Spend a Night at These Lesser-Known Coastal Lodgings
The oceans and mountains, rivers and lakes along the Oregon Coast range are magical places to wake up every morning on vacation. But have you ever dreamed of sleeping in a working lighthouse, on a houseboat, at the base of an epic peak or at a secluded riverside tree perch? How about a tiny house, a farm retreat and a B&B so close to the whales you can practically feel their spray from their spouts? Here are several inspired lesser-known lodgings for your next Coast adventure.
On the lake or bay
One of the newest lodgings on the Coast, Bay Point Landing is anything but rustic. The striking modern design of this upscale cabin and RV resort offers 103 acres of kid- and dog-friendly space for cabins and Airstream trailers on the shores of Coos Bay. Pamper yourself with a pool house, fitness center and a general store on site with curated food, beer and wine. On the North Coast, Sheltered Nook in Bay City is a pet- and family-friendly spot on Tillamook Bay with six individual tiny homes, each 385 square feet and fully stocked with locally-made furniture, TVs, food in the cupboards, a 9-hole disc golf course and a variety of lawn games and other activities on site.
If you’ve always wanted to stay on a houseboat, now’s your chance. Loon Lake Lodge and RV Resort is a family-friendly inland hideaway about an hour east of Reedsport, on Oregon’s South Coast. The vacation rental community offers a 30-foot, fully furnished houseboat (complete with upper deck and water slide) for rent through October. Enjoy the playful digs at night; rent a stand-up paddle board, pontoon boat, kayak, canoe or jet ski and splash around on the lake by day. The sparkling lake is lined with dozens of cozy lakefront houses, cabins, cottages and yurts, as well as RV and tent camping sites.
On the river
This dreamy escape on the Rogue River, near Gold Beach, is a perfect setting for a soul recharge. Tu Tu’ Tun Lodge offers well-appointed rooms, suites and rental houses with access to all of the fly fishing, hiking, golfing and water sports the South Coast has to offer. Twenty-five miles north in Port Orford, the equally elegant WildSpring Guest Habitat is another destination worth the drive. This cozy eco-friendly retreat features a forest labyrinth, open-air spa, hammocks, ocean views, on-site art galleries, tasty breakfast and a zero-carbon footprint. Come see how they do it.
What if you could sit on your deck chair and watch the osprey and fly fisherman all day, taking a break only to refill your drink or retreat to the hot tub? It’s possible at the Rogue River Lodge at Snag Patch, a rustic retreat on the Wild and Scenic Rogue River in Gold Beach, near Oregon’s southern border. There’s more to do here, of course — you could jet boat, fish, surf, beachcomb, hike, whale watch, kayak or shop. But at the end of the day, you’ll be glad to retire back to your private deck, with views of the river or creek. One rental, the Eagle House suite, is even perched in the trees above the river.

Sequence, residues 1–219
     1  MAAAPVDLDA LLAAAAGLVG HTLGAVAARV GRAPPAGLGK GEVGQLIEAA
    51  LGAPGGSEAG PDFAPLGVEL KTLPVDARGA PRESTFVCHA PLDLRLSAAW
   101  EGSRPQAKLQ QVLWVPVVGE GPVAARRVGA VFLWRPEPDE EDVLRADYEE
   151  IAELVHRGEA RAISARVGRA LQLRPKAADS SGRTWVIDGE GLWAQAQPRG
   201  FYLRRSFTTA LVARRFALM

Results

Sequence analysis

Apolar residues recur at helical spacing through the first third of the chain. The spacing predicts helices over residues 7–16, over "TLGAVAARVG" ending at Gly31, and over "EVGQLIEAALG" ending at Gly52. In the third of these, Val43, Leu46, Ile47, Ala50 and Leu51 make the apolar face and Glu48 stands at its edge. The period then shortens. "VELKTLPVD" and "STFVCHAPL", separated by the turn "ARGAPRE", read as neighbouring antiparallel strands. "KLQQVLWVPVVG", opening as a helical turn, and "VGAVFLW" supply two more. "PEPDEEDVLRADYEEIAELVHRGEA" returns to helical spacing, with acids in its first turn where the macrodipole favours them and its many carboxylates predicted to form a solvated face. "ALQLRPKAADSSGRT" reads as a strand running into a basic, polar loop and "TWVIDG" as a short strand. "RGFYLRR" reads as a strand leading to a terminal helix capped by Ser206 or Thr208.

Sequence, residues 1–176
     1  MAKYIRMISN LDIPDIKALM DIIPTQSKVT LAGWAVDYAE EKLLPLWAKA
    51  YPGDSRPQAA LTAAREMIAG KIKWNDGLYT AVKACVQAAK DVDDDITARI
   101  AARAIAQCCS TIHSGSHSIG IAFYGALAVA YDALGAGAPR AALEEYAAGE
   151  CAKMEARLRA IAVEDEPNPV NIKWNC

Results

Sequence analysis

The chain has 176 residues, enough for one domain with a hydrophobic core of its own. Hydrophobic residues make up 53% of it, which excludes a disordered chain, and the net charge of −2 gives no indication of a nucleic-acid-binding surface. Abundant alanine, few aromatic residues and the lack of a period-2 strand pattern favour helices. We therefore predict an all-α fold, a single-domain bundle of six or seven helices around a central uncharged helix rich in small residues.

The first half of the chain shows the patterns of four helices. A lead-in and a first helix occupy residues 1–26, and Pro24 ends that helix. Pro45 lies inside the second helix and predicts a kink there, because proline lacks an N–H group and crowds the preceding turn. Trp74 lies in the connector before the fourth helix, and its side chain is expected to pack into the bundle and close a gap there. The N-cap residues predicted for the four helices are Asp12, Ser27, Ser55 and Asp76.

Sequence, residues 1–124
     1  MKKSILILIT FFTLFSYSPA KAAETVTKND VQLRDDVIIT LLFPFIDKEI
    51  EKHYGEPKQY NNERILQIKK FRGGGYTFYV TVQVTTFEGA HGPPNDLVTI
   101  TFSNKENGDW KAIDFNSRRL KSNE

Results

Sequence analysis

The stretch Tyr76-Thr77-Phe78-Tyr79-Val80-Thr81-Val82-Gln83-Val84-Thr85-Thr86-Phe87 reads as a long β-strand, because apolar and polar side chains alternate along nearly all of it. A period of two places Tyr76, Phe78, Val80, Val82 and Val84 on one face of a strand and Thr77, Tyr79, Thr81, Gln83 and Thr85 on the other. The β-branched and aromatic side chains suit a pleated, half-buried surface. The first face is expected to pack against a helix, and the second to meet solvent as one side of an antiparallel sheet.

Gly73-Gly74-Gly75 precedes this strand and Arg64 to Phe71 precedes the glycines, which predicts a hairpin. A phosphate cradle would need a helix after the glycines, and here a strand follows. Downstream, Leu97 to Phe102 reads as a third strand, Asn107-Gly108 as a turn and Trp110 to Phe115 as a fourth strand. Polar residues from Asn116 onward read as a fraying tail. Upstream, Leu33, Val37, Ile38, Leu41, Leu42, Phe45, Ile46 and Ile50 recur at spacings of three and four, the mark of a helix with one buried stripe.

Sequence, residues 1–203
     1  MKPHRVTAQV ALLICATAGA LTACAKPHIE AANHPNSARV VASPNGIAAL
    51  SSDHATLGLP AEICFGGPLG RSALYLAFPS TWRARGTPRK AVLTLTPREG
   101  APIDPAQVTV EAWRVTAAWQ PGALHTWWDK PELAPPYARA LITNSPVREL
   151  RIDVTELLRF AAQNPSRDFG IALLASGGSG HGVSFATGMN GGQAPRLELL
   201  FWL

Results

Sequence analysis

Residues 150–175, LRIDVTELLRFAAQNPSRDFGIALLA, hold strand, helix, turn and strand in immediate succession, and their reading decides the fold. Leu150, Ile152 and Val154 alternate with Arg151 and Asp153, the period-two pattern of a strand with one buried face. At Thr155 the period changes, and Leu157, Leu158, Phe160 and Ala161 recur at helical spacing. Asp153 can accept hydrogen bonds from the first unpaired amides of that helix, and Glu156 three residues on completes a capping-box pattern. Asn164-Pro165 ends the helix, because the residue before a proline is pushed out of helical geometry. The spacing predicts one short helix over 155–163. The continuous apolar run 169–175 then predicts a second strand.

Near the ocean
The ocean inspires romance, and there’s no lack of it on the Coast. In Oregon’s whale-watching capital of Depoe Bay, Whales Rendezvous offers a private paradise for whale-spotters. Views from the oceanfront bed-and-breakfast stretch in every direction, and it’s couples only, with no children or pets allowed. The Sylvia Beach Hotel in the Nye Beach district of Newport, perched on a bluff above the ocean, is also a quiet retreat for guests with no children or older children. The book-focused hotel sports a literary theme in each room, and there are no TVs, phones, radios or Wifi in the rooms — which makes amps up the coziness for curling up with a book.
Did you know you can sleep in a lighthouse keeper’s home on the Oregon Coast? The Heceta Head Lighthouse Bed & Breakfast offers 15 gorgeous guest rooms, all with access to a fully equipped guest kitchen and wrap-around porch for taking in the views from 205 feet above the ocean. Whether you stay in the Queen Anne Room, with a four-poster bed, or the Lightkeeper’s Room, with an exclusive view of the lighthouse from the bed and the claw-foot tub, you’ll feel like you’re in a fairy tale. Just a few miles south are the Sea Lion Caves and Oregon Dunes National Recreation Area.
At the mountain
Often called the mountain of the gods, Neahkahnie Mountain at Arch Cape on the North Coast is a stunning 1,680 feet — a place for intermediate and advanced hikers to soak up ocean views along the 6.4-mile trail out-and-back trail. The Eagle’s Nest is a private cabin that caters to those who want to share in the positive energy of Neahkahnie, perched at the edge of the mountain at 300 feet above the ocean, with views of forest and coastline all around. Down on the South Coast, nestled in the forest in Coquille, about 40 minutes from Coos Bay, Myrtle Glen Farm is an idyllic sanctuary for those looking for a rustic adventure. The two cozy rentals let you stay onsite and lend a hand with gardening or other duties, then sit down to a farm-fresh breakfast.
You may not be able to walk to the ocean from Saddle Mountain State Natural Area. But you’ll have one of the most breathtaking views of the Coast range from the 3,200-foot summit here, with views all the way to the Columbia River and the Cascade Mountain Range on a clear day. This quiet campground is about 20 miles drive from Seaside and Cannon Beach. Between April and October, it’s first-come, first-serve at the 10 primitive campsites at the base of the mountain — which will come in handy when you want to flop into your tent after an epic day hike to the summit. The 2.5-mile trail is steep and challenging; a shorter trail leads to the Humbug Mountain viewpoint, a quarter mile from the trailhead.
Story by Jen Anderson
Photo courtesy of Bay Point Landing